While I had sincerely hoped that belief in the library’s mission would rank first, it’s interesting to me that love for customers (which is the library’s mission) only came in with 26%. And we apparently love the customers more than we love our co-workers ;)

I wasn’t surprised by the low ranking of the ‘good pay & benefits’ option, but I did think that the ‘fear’ and ‘holding on til I’m retired’ questions would have come in higher.  Then again, this was a poll on Twitter (& I sent it out via Facebook as well).  I don’t think that a representative sampling of our near-retirement-age library staff are on Twitter & Facebook.

In all honesty, for me personally, I still work in libraries due to a combination of ‘belief in the library’s mission in society’ and ‘fear that I’m not qualified for anything else’ (which may be why I thought that would come in higher).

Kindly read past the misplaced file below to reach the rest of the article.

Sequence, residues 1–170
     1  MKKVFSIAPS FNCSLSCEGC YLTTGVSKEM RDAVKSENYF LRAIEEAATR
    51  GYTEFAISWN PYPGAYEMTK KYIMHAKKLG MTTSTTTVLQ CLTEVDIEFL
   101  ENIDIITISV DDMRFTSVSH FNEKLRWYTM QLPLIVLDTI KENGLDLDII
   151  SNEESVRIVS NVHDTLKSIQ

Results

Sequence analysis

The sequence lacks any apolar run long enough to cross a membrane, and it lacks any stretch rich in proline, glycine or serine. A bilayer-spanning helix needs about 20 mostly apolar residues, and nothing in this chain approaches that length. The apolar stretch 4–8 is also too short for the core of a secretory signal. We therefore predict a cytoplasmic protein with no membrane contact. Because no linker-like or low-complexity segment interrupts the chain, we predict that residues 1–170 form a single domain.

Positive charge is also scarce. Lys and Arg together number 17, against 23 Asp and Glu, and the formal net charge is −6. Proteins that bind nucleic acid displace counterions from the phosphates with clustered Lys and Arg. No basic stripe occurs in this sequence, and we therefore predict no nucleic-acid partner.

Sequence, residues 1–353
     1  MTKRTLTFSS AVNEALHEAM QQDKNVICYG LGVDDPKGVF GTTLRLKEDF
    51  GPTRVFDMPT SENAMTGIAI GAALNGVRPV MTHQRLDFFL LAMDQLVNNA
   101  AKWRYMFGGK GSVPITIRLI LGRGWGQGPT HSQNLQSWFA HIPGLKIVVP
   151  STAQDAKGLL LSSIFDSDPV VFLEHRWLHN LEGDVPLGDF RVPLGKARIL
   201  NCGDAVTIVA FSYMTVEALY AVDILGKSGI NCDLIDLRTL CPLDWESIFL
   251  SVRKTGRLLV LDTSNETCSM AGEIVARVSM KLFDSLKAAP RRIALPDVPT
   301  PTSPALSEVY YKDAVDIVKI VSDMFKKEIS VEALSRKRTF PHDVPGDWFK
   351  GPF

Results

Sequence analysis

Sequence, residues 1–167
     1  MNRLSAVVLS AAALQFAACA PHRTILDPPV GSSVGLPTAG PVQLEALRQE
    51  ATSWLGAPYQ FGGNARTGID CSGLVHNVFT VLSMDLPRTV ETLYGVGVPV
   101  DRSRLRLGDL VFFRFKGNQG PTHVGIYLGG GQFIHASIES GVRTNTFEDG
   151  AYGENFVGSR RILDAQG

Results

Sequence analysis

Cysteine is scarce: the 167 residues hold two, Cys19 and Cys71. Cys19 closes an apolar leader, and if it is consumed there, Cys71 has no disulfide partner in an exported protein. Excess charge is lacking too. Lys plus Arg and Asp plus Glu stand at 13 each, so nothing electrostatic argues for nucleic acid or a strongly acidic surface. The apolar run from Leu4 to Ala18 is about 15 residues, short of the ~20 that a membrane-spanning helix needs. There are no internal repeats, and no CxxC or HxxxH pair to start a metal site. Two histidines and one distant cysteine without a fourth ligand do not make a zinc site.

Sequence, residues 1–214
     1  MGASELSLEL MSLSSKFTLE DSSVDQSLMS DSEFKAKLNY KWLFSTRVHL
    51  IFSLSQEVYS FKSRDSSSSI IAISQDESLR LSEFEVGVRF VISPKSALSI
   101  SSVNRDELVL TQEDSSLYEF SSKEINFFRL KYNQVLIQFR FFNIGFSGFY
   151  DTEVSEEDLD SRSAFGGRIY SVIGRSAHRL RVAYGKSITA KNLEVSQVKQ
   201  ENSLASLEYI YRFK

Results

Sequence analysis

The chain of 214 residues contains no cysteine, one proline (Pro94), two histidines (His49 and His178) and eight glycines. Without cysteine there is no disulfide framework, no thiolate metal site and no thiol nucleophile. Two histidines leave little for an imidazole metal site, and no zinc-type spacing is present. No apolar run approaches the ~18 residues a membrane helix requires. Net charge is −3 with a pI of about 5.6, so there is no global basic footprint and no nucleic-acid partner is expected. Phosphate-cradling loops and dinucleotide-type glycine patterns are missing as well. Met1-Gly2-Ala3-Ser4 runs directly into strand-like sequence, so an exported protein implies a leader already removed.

The thought of moving out of libraries after my impending probable lay-off in July is both exhilarating and scary.  Exhilarating at the possibility of making much better wages and benefits in private industry or non-profits with my skill set and willingness to work long hours.  Scary because I really like libraries and I want to work in them longer.  I want to contribute to the great equalizer in our society.   I want to better people’s lives in a non-profit environment.  And also scary because maybe private industry doesn’t have a role for a tech-savvy project manager, information architect, and writer.  In some ways, I think about moving into consulting full time — speaking and writing my days away, but the thought of not having stable income or health insurance scares the devil out of me.  But in the end, I just like libraries too much to leave.  And maybe that’s the case for most of us.  What we do is admirable in my book.  We make differences in people’s lives, and that’s something that I think we should all be proud of at the end of the day.